Saturday, October 04, 2008

More Than 900 Charged with Katrina, Rita Fraud

More than 900 people across the United States have been charged with crimes relating to contracts or false claims for government help associated with Hurricanes Katrina or Rita, according to a new report by the Justice Department.

The Katrina Fraud Task Force, operated by the Justice Department, also has received 667 calls relating to possible fraud from Hurricane Gustav and another 466 complaints regarding Hurricane Ike.

One of the indictments alleging a false claim in Galveston for Hurricane Ike involved a woman the Justice Department said also had filed a fraudulent claim for disaster assistance during Hurricane Katrina.

Among the Katrina-related cases were instances of people creating fake disaster charities and a scheme in which people signed up themselves and others for disaster benefits to which they weren't entitled. The government says the vast majority of the Katrina cases have resulted in guilty pleas or guilty verdicts.

"Whenever a natural disaster strikes, there will always be unscrupulous people willing to take advantage of victims' assistance and rebuilding efforts," said Matthew Friedrich, acting assistant attorney general for the Justice Department's Criminal Division and chief of the Katrina Fraud Task Force.

Among the cases cited in the Justice Department report:
  • On May 15, a federal grand jury in New Orleans indicted Kern Carver Bernard Wilson, a former contract employee for the U.S. Army Corps of Engineers, and Durwanda Elizabeth Morgan Heinrich, a dirt, sand and gravel subcontractor, for participation in an alleged bribery scheme related to the awarding of a contract for the Lake Cataouatche levee, south of the city.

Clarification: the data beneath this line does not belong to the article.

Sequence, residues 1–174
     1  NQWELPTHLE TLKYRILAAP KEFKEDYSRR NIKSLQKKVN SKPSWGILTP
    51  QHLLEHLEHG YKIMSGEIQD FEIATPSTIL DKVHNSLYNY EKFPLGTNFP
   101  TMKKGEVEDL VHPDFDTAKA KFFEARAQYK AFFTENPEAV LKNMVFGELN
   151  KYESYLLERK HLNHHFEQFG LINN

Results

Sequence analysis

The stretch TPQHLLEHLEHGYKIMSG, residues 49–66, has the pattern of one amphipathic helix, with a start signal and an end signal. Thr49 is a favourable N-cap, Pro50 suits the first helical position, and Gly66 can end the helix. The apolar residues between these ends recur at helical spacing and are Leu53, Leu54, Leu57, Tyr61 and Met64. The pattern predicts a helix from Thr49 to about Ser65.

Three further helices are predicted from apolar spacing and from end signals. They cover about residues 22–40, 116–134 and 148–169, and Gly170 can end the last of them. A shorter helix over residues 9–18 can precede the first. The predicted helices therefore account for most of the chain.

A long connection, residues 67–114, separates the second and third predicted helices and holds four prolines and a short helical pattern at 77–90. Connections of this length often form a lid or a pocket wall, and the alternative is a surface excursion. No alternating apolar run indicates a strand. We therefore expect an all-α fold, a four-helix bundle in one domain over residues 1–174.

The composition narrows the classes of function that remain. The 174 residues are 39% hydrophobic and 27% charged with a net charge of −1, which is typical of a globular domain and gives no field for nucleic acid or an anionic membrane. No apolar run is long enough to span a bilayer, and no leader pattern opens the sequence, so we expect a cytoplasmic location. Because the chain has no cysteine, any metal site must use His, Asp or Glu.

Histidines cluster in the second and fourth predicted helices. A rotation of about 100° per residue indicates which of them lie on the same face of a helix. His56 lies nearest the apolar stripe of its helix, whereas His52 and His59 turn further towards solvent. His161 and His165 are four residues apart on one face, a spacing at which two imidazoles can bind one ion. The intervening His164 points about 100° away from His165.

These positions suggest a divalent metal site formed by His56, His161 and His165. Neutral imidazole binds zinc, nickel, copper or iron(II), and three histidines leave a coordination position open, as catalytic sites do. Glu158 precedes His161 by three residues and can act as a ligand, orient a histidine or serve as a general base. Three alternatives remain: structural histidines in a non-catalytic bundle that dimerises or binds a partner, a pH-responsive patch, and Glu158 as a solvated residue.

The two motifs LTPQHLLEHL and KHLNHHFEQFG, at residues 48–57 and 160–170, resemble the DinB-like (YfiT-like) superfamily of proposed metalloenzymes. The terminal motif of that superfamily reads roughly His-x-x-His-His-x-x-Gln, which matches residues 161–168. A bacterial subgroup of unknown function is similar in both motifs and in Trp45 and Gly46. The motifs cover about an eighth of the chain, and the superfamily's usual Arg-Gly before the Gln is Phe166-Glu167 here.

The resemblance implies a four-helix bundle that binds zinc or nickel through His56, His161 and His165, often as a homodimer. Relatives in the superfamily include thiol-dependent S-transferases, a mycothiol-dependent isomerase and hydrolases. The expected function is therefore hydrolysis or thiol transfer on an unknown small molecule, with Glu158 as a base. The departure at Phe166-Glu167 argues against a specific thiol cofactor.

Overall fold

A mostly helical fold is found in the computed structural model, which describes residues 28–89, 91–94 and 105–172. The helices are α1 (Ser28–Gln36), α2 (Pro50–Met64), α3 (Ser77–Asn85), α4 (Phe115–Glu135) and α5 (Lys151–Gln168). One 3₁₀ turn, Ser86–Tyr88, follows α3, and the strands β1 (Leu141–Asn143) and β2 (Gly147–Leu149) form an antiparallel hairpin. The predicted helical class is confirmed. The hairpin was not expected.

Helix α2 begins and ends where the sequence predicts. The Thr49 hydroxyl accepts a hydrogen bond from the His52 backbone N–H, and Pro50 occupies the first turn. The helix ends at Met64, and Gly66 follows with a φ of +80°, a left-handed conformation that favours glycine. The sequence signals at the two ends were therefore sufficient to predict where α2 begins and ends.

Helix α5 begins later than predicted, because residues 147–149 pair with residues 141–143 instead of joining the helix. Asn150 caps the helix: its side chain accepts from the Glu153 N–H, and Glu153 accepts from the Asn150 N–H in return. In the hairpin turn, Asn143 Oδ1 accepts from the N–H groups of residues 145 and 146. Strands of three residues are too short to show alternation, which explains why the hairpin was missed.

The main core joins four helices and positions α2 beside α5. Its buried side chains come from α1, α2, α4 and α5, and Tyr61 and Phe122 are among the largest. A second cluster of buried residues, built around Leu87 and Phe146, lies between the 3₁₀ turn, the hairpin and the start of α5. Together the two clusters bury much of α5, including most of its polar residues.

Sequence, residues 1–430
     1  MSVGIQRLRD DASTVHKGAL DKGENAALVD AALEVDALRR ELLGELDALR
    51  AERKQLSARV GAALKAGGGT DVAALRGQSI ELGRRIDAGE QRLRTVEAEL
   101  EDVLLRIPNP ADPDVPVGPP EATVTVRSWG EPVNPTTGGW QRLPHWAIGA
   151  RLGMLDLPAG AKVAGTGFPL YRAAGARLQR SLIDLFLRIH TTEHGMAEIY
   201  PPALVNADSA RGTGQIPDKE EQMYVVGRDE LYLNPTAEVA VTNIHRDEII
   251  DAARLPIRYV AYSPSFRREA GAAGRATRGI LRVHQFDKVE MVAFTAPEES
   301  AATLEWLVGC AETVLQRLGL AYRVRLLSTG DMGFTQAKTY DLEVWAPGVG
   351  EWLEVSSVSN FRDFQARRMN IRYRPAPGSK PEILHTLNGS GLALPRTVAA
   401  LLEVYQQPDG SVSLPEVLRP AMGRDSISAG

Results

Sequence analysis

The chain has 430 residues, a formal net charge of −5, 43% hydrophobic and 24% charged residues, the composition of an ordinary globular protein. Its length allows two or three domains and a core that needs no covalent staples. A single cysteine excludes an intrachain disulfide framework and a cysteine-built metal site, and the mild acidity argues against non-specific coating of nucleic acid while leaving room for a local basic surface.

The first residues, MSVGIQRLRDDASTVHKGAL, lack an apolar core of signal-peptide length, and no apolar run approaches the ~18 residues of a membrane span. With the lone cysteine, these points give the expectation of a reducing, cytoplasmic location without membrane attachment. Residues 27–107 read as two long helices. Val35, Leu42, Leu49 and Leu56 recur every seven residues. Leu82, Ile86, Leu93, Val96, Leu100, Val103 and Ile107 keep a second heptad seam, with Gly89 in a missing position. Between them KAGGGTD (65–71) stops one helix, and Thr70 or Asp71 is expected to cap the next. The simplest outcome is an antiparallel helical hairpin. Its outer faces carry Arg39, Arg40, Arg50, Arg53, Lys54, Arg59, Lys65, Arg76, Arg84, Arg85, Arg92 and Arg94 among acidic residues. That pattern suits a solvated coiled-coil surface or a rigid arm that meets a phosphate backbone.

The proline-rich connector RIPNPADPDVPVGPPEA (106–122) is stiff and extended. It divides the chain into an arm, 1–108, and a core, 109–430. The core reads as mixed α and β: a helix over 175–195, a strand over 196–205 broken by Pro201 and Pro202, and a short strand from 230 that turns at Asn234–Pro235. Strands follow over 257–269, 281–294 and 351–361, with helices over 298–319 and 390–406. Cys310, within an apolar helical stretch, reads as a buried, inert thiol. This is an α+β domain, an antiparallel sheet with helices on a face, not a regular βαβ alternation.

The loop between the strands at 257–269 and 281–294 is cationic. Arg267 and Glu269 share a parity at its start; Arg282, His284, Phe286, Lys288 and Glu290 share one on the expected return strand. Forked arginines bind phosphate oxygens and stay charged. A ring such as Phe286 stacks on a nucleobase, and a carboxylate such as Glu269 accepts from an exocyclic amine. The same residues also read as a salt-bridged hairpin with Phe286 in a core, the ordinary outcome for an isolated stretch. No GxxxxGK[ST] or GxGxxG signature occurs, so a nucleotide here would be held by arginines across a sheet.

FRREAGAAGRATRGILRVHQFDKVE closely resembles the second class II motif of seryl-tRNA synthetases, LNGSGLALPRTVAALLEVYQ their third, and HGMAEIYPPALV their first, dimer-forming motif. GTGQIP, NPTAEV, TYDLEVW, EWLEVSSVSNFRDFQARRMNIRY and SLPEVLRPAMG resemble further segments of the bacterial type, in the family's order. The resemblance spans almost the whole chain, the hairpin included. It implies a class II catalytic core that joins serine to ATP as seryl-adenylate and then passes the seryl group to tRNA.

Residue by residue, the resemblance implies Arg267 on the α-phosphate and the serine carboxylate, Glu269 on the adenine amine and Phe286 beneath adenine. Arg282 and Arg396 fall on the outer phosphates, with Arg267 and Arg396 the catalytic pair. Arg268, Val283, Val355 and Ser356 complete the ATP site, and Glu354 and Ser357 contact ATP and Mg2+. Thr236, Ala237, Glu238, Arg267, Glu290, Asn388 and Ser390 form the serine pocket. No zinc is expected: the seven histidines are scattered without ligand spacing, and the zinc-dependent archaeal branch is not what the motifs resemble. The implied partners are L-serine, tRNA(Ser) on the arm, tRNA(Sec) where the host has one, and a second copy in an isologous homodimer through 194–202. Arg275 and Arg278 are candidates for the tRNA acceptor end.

• On Nov. 28, 2007, two brothers in South Texas -- Stephen Stephens, 24, and Bartholomew Stephens, 27 -- were sentenced to 111 months and 105 months in prison, respectively, for operating a Web site that purportedly raised money to help the Salvation Army aid Hurricane Katrina victims. The fraudulent Web site, the Justice Department said, collected $48,000 before its accounts were frozen.
  • On Sept. 30, Phyllis Ann Taylor, 28, currently of Houston, was charged with filing a fraudulent claim for Federal Emergency Management Agency assistance for damages purportedly caused by Hurricane Ike, three years after the Justice Department said she filed a fake claim for disaster damage to a public housing residence in Marrero that suffered no damage in Katrina.
  • Last week, Noah A. Thomas Jr. of Marrero, who was pastor of the Pilgrim Missionary Baptist Church in New Orleans that was heavily damaged by Hurricane Katrina, was sentenced to 17 months in prison for pocketing a $35,000 grant from a fund operated by former Presidents Bill Clinton and George H.W. Bush that was supposed to pay for repairs to the church. According to the Justice Department, Thomas had the fund's check mailed to his house and then deposited into a bank account he established and controlled.
  • In June, a federal judge in Texas sentenced eight defendants in what the Justice Department says was a conspiracy to file disaster applications on behalf of 70 residents who were not victims of Hurricanes Katrina or Rita. The ringleader of the plot was sentenced to 33 months in prison and ordered to pay $92,958 in restitution and forfeit the Lincoln Navigator she purchased with the fraudulent funds.
"Those who would try to profit from the misfortunes of disaster victims should know that the Department of Justice, federal investigative agencies and inspectors general will continue their aggressive pursuit of disaster fraud," said Friedrich, head of the Justice Department's criminal division.

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